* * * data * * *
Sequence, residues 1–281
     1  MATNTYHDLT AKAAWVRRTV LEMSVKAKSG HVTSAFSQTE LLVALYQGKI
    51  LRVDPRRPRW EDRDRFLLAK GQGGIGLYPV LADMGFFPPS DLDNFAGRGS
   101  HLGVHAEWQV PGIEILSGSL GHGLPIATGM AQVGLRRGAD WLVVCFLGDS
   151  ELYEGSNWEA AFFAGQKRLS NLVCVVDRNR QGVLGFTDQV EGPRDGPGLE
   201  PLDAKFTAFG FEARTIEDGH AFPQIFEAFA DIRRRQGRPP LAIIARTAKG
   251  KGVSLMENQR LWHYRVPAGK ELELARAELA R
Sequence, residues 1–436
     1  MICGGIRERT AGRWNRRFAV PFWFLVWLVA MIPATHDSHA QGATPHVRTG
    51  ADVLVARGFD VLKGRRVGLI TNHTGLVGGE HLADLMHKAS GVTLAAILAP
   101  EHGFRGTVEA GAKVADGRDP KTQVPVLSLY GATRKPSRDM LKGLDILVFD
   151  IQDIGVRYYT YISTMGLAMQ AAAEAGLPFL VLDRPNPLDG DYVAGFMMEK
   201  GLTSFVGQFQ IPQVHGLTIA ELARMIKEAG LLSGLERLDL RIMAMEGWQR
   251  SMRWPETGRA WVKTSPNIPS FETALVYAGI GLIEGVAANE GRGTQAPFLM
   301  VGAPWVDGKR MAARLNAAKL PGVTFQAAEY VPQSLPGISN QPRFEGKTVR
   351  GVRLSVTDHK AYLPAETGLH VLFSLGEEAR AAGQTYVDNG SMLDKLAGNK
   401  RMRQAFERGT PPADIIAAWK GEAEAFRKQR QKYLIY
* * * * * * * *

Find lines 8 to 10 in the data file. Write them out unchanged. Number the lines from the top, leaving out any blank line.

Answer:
Sequence, residues 1–436
     1  MICGGIRERT AGRWNRRFAV PFWFLVWLVA MIPATHDSHA QGATPHVRTG
    51  ADVLVARGFD VLKGRRVGLI TNHTGLVGGE HLADLMHKAS GVTLAAILAP